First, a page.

Tuesday, July 22, 2008
I was not for even once offended at the question that Luv asked in jest several times over in the next two days. In fact even I had asked myself the question several times during my 18 hours train journey from Delhi to Indore. Significantly enough, the answer was simple. The occasion of Luv’s wedding was just an excuse. My main aim was to travel back in time, meet the family that I had heard about for so long from my late father, but had never met. The experience had to be monumental, I was convinced, as I was to, in form of stories, relive the moments my Dad had once lived in the city with his uncles, all his age-group.
‘In relations uncle, but in age and friendship, almost brothers,’ is how my dad often described them to me. I had this golden opportunity of meeting everyone under one roof in their best festive moods and hopefully nostalgic once they met me. I HAD to attend Luv’s wedding. I had a reason. I did not tell him this then, because I did not want to come across as a bad relative, trying to reduce the importance of the groom on one of the most important day of his life.
I know many might perceive my reason for the visit to be selfish. I would not even say it was not. In fact it was. It was one opportunity that I knew I had to lap up to, maybe only for just three days, see my father living in the twinkle of the eyes of his uncles when they shared stories of the mischief they conspired and executed together with panache. I had to see once again glimpses of my deceased Dad.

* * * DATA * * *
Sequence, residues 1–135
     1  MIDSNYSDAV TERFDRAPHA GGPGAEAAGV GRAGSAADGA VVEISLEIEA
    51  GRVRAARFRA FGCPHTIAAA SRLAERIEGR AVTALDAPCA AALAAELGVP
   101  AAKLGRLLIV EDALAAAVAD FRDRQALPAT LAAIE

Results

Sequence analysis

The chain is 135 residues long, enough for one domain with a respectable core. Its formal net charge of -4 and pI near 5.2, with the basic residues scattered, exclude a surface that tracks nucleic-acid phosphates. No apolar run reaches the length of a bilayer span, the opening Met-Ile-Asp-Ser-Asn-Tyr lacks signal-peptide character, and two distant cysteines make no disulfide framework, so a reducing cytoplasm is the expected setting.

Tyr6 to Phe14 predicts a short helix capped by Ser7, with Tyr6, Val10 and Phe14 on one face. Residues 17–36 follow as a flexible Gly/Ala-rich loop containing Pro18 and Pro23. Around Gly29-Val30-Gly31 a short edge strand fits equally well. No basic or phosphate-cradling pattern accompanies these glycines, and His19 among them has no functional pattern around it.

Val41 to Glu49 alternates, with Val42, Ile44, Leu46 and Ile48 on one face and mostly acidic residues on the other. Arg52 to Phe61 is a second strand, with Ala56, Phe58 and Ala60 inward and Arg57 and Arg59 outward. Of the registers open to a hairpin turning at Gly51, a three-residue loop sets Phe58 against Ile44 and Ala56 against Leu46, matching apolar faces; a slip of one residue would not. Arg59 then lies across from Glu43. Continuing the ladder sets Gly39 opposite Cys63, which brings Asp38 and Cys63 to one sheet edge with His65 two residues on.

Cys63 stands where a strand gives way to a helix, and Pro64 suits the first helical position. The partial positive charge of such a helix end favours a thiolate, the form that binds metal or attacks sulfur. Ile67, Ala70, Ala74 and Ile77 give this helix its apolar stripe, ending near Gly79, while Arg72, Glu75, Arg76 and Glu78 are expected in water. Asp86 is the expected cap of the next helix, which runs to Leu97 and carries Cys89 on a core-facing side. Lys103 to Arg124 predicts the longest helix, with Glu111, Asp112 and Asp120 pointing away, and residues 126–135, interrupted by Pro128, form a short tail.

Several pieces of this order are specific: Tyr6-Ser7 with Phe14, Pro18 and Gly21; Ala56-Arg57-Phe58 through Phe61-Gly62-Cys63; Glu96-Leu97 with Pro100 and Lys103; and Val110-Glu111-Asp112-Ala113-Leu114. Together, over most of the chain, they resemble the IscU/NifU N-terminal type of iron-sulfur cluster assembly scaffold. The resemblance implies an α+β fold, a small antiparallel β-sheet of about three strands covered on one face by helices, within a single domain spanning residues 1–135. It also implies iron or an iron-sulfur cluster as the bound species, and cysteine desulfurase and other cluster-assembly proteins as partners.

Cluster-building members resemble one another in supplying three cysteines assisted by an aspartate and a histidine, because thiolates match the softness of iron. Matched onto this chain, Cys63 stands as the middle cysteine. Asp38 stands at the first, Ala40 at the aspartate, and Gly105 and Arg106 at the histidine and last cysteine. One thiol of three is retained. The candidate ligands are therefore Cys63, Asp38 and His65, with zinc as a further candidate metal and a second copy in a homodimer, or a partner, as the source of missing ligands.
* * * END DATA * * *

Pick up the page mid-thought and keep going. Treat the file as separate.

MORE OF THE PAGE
To see the characters in blood and flesh, who I had imagined to be only parts of the stories my Dad told me at bed time or during long train/bus journeys. I saw my Dad’s reflection in the polite manner of Brig. Prabhakar Khot, the wicked and immensely intelligent humour of Ravi Khot, the style of humming songs that Sunil Khot adopted and the shot temper yet extremely caring nature and concern that Anil Khot showered. My sincere apologies for writing their names without the respectful address of Aajoba that our relationship demands or uncle that I call them since all of them do not look and are not even old enough to be my grandfathers.
The stories that flowed were amazing. I really wish my Dad was alive so I could fight with him, for being so strict with me when he has done some of the most outrageous tomfoolery in his time. I mean he got kidnapped by an opposition camp for four days, when he stood for college elections. And he would not even permit me to stand in the school elections contending, “Politics is a dirty business.” He developed his strong taste for food in the city. The ear for music had also been sharpened in company of Sunil uncle. He had cycled for 25 kilometres to smoke cigarettes with Anil uncle.
The stories I heard and the love I saw in their eyes for my Dad is what I had gone looking for there. What overwhelmed me the most was the love I received from everyone I met. Being my Dad’s daughter is an address I have not been conferred with in a very long time. The family had adopted me instantly. Sushant, Asha Aaji, Jyoti Aunty, Pushpa Aunty and Suneeta Aunty welcomed me with such warmth that it was with a great effort that I kept my tears down. Not for a moment did I feel like I was meeting them for the first time. I belonged to the wedding. I was a Khot daughter and received all the love that I had longed for from that side of the family.
Thursday, July 17, 2008
My name is John Calderone, and I am the associate editor of Outlook Delhi City Limits, a magazine that focuses on the city and what is happening in it.
We begin each issue with a section called Capital Letters, which are stories about Delhi written by its citizens. We generally let people write whatever they want to say about the city.
I had found your blog, Priyanka's Point, through a link on the Delhi Bloggers Group website, and I enjoyed your work, including the Delhi Photo Diary. So I was wondering if you would be willing to write a Capital Letter for the July issue of Delhi City Limits.